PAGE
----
Foreword Reviews

The Nature of Humans

Personal Growth through Poetry

Clarion Rating: 3 out of 5

Even and moving, the poems collected in The Nature of Humans acknowledge people’s shortcomings, but also celebrate their potential for growth.

Functioning like exercises in self-reflection and personal evolution, the entries of Christopher Jones’s poetry collection The Nature of Humans address human foibles and everyday challenges with an open spirit.

“I seek a loving demotion / from myself,” a narrator who’s striving for humility declares; their introspection reflects that of other speakers throughout the collection, who make a continual, conscious effort to be more thoughtful, more considerate, and more aware of the world around them. An early entry, “Kite,” is an extended metaphor for fear-based inaction; though its speaker wants to see his delicate flier soar “against the sapphire sky, / twisting and turning, / twirling in delight,” they are rendered inert by the conviction that their kite may be judged by others. The lesson is implicit and moving.

Throughout the book, figurative language reigns—always striking and direct, if of varying degrees of freshness. Poems speak of metaphorical “inner thunder,” cobblestones, and dark corners; elsewhere, an instrument that’s been “cracked by dissonance” leads an entry, and is, in moving form, revealed to represent the speaker themselves.

Appearing midway through, “Notice” is the first poem to truly celebrate natural images on their own merit: “the warble / of a red-winged blackbird, / an aspen leaf shivering / its pale back / to the breeze…” It’s a standout moment in a book whose natural references trend representative, and whose Nature section indulges in the same.

Lovely instances of assonance result in surprising lines that force inward reorientations, as in the affecting poem “Both &”:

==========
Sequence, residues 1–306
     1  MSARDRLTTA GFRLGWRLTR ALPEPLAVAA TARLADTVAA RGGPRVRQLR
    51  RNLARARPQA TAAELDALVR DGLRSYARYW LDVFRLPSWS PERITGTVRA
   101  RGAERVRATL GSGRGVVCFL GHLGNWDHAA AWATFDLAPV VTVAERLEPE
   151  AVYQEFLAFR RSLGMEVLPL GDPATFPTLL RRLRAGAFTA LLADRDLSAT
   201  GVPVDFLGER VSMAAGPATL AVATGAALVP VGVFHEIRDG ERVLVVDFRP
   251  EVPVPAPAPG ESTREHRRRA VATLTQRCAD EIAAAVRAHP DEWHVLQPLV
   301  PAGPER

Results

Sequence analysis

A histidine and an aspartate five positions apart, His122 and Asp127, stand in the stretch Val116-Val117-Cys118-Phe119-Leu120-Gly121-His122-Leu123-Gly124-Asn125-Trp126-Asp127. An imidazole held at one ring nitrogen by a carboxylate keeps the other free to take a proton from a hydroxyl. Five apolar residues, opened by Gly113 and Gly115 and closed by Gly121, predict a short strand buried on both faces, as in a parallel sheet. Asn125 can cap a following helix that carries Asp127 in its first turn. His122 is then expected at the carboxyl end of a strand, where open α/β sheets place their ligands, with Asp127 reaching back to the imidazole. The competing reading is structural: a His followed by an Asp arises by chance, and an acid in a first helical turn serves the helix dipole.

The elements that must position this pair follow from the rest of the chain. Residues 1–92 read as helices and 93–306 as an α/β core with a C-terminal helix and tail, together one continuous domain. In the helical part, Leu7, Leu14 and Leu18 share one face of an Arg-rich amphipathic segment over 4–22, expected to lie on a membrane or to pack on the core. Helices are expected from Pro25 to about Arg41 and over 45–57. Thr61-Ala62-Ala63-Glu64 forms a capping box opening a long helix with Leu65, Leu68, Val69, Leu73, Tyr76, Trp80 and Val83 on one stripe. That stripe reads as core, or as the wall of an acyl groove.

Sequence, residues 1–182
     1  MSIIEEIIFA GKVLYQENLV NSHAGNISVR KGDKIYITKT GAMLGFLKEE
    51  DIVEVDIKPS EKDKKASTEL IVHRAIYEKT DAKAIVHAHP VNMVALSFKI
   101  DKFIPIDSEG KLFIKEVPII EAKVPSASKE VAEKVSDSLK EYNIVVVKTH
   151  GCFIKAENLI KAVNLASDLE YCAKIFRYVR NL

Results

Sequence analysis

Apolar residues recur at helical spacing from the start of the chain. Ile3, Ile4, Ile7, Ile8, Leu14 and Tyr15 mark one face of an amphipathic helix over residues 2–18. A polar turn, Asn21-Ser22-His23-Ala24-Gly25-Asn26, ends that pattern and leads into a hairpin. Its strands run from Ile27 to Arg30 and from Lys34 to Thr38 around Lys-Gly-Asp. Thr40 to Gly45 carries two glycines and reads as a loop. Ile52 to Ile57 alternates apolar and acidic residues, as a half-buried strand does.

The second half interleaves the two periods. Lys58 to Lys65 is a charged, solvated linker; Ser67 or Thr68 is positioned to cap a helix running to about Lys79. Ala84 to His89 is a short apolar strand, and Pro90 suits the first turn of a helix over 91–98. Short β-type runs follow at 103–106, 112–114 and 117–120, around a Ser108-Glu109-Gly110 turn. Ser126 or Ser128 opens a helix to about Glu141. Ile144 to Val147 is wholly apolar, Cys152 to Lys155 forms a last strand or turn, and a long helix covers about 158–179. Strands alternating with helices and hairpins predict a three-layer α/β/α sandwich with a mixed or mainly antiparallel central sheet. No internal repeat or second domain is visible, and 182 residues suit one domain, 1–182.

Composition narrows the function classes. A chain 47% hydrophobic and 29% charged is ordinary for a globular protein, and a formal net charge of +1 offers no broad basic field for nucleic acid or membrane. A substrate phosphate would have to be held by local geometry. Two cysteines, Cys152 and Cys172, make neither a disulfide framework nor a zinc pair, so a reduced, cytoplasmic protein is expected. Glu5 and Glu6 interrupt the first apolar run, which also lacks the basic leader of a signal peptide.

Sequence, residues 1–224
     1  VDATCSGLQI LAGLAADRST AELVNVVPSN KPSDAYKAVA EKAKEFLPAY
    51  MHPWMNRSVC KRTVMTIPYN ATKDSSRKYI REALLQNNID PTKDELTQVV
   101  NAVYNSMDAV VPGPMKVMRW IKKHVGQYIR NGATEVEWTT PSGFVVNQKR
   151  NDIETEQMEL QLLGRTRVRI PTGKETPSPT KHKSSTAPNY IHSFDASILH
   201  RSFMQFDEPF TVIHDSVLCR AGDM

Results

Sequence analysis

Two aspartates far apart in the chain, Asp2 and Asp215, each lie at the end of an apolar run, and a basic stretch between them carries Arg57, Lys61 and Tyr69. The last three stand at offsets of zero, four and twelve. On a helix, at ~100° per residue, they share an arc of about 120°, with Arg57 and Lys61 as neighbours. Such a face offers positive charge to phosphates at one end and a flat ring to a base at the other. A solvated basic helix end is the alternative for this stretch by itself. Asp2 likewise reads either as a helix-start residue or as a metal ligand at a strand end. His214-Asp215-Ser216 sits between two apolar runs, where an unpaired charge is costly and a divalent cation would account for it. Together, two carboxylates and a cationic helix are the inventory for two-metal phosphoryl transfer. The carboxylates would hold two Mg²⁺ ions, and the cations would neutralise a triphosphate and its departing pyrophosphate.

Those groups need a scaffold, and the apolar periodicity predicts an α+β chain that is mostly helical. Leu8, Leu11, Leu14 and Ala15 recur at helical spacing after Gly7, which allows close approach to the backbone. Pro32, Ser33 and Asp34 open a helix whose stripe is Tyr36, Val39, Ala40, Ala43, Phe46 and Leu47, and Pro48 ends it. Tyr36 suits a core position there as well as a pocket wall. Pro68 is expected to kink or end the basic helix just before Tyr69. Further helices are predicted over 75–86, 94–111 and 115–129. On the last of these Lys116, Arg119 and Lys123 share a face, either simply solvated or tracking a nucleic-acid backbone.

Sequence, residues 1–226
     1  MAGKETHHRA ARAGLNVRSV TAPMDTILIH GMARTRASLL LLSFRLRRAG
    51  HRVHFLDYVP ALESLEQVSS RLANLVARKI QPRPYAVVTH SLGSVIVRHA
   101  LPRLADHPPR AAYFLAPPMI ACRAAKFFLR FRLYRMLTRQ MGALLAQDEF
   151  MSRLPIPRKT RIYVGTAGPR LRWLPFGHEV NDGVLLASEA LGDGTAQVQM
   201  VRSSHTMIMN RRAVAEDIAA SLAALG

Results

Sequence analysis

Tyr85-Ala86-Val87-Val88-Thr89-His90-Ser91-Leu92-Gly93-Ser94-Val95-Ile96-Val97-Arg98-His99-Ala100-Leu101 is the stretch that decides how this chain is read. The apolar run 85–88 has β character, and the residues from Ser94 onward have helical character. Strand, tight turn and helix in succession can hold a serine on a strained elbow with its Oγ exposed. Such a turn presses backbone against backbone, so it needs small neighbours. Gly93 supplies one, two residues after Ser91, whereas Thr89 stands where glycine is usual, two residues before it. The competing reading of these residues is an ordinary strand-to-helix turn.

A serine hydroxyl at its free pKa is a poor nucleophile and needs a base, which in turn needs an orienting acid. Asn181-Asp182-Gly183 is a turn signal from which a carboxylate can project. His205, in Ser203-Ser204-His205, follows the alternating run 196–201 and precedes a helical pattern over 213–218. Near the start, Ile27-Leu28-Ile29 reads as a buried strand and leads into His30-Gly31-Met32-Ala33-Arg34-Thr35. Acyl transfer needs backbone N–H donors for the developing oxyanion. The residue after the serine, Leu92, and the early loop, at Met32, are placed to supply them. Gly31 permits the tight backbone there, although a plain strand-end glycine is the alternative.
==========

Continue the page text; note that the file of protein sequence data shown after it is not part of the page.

It takes our earth
one full turn,
both night and day,
to finish a rotation.

I feel I am a contradiction,
sitting twisted
as an ampersand …

Powerful moments recur throughout—most often in poems that lean into their speakers’ vulnerability. In “Endless Chatter,” the narrator declares “So, I seek myself / elsewhere”; it’s a sobering moment that results in an emotive pause mid-entry. And as the book moves from its focus on “I” to discussing topics as part of a “we,” its already sympathetic work becomes more open, accessible, and involving.

But the repeating image of being trapped in one’s own head diminishes in effectiveness with each appearance. Further, some of the poems adhere too closely to familiar themes to be impactful. This is the case with “Footprints,” which begins in a backward-looking manner that recalls Mary Fishback Powers’s famous poem, sans religion; weighed down by adverbs and heavy metaphors, the entry never manages to escape that shadow. Indeed, adverbs prove to be a frequent stumbling block within the otherwise expansive and expressive collection.

Though the poems’ themes are grandiose, their presentations are inviting. Form seems less the objective than the clear conveyance of themes, and so many of the poems appear in a similar format: left justified, stretched across two pages, and with breaks at moments that reflect breathing pauses, more so than style. The entries contract and expand in length as the collection progresses, but their speeds remain steady. In effect, the poems become more like meditations than objets d’art—designed to provoke audience “reflection, and to give you the opportunity to look inward to find solutions to the problems you see in the world.” There’s a sameness to their movements and themes, yes, but also an evocation of calm.

Even and moving, the poems collected in The Nature of Humans acknowledge people’s shortcomings, but also celebrate their potential for growth.

Reviewed by Michelle Anne Schingler

Disclosure: This article is not an endorsement, but a review. The publisher of this book provided free copies of the book and paid a small fee to have their book reviewed by a professional reviewer. Foreword Reviews and Clarion Reviews make no guarantee that the publisher will receive a positive review. Foreword Magazine, Inc. is disclosing this in accordance with the Federal Trade Commission’s 16 CFR, Part 255.

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